One Martha Stewart recipe for mussels and white wine with herbs calls for thyme and bay leaves in addition to fresh, flat-leaf parsley. But you don't have to stick to the recipe if you have different ingredients in your fridge. You can also pair your mussels with chives, cilantro, basil, and even mint. Don't be afraid to get creative here and add whatever herbs you have on hand — you might be surprised at what you come up with.

Keep the lid on your cooking mussels

While there's more way than one way to make mussels, when you place them into a pot, you're not boiling them — you're steaming them. According to Bon Appétit, using a lid is important when you're cooking mussels this way. As soon as you place your bivalves into the pot, it's time to put a lid on it. (Don't wait until they've already started cooking.) That's the best way to ensure your mussels are cooked all the way through. Don't take the lid off until it's time to give the mussels a quick stir — wait about seven minutes into the cooking process. After stirring, replace the lid until the mussels have finished cooking completely.

Once you're ready to take the lid off for good, be careful: The steam can get quite hot. Make sure to stand back from the stove, and wait before you take a whiff of your creation. Give your mussels some time to cool off before you serve them and start eating.

Stop cooking your mussels when they open

How can you tell when your mussels have finished cooking? Many people have concerns about cooking seafood, so making sure that your mussels are fully-cooked is important. Luckily, it's pretty easy to gauge when they're ready to be enjoyed.

Remember when you checked to make sure that the mussels were all closed as you were cleaning them off and getting them ready for the cooking process? Well, when they're cooked, they'll be fully open, according to BBC Good Food. When you take the lid off your pot, you should make sure that all of your mussels have opened properly. If you notice any that haven't opened, you should throw those away — there's a good chance the mussel is dead. Once you see those shells open, it's time to take your mussels off the stove — keep them on for much longer than that, and you may end up with a rubbery mess.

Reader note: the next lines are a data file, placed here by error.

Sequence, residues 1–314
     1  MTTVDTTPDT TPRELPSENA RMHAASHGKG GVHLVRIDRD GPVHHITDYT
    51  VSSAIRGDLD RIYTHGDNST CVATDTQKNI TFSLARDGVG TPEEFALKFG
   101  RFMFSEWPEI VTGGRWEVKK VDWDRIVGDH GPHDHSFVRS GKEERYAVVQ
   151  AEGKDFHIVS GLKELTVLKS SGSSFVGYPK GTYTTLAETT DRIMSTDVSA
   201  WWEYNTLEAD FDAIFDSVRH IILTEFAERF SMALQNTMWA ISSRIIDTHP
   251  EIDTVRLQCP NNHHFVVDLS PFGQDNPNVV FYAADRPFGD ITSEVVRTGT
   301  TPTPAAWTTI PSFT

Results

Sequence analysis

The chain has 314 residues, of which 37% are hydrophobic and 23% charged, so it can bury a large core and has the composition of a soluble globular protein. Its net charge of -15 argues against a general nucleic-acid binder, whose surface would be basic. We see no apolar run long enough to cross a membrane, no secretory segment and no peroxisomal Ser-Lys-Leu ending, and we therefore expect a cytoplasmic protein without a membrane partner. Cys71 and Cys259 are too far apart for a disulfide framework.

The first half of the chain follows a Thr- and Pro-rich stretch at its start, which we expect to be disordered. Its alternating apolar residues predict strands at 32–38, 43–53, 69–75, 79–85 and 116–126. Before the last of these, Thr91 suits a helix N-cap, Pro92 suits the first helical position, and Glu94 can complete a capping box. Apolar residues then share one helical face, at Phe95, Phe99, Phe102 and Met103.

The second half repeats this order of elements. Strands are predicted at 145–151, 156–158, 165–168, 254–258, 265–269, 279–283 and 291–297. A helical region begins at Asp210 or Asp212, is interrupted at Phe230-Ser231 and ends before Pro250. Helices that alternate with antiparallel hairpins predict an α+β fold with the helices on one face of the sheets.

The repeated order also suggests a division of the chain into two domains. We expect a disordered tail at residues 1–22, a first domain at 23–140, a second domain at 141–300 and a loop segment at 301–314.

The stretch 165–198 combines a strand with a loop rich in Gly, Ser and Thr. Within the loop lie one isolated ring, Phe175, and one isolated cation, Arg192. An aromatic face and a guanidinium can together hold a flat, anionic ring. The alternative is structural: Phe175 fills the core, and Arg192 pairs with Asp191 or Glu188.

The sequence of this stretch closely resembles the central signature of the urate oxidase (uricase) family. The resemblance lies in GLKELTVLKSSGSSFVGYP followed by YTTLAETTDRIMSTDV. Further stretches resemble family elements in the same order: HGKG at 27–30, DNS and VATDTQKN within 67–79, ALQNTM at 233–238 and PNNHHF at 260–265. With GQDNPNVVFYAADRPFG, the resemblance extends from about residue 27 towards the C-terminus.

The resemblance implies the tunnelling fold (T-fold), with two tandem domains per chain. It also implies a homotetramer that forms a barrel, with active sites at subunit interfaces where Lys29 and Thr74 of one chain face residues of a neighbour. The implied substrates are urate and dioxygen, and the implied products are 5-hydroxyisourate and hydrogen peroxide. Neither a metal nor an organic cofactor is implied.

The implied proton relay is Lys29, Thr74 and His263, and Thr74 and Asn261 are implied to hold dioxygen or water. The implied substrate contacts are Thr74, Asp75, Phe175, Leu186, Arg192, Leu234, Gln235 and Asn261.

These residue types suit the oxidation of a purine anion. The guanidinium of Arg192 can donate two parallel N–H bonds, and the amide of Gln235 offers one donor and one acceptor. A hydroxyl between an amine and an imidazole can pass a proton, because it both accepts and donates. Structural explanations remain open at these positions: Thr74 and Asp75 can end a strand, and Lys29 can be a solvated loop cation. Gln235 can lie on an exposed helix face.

Try grilling your mussels

Steaming might be one of the quickest and easiest ways to cook mussels, but there are plenty of other methods you can try. If you have a grill, why not try throwing your mussels on there? This is a great option if you're having a cookout and want to offer something other than the standard hamburgers and hot dogs. According to Better Homes and Gardens, making grilled mussels is relatively easy. Clean and prepare your mussels as if you were going to steam them, then get the grill going.

First, you're going to need to grab some foil. Place the foil down on a table, and put the mussels on top. Then, use the foil to cover the mussels and seal the pouch with a double fold. (You're basically making a little pocket to steam the mussels in). Place the mussels on the grill using medium-high heat for around eight minutes, and you'll have a delicious meal in no time. Adding a garlic-herb butter to your grilled mussels will transform them into a sophisticated snack or main course.

Serve your mussels with crusty bread or fries

Now that your mussels are cooked and ready to go, you may be wondering what to pair them with. You can always eat them on their own, but combining them with a carb can make for a filling and complete meal. PEI Mussels suggests pairing your steamed mussels with a crusty bread (think: baguettes, French bread, or even a tangy slice of sourdough). This is a particularly good combo if you're working with lots of boozy broth — it makes for an excellent dipping sauce for your bread.

Want to take your dish to the next level? Opt for some fries on the side for classic moules frites. Crispy, crunchy fries are also delicious when dipped into the mussel broth, and adding a fried element to your meal can feel deliciously decadent. If you've never tasted this combo before, you should definitely give it a try.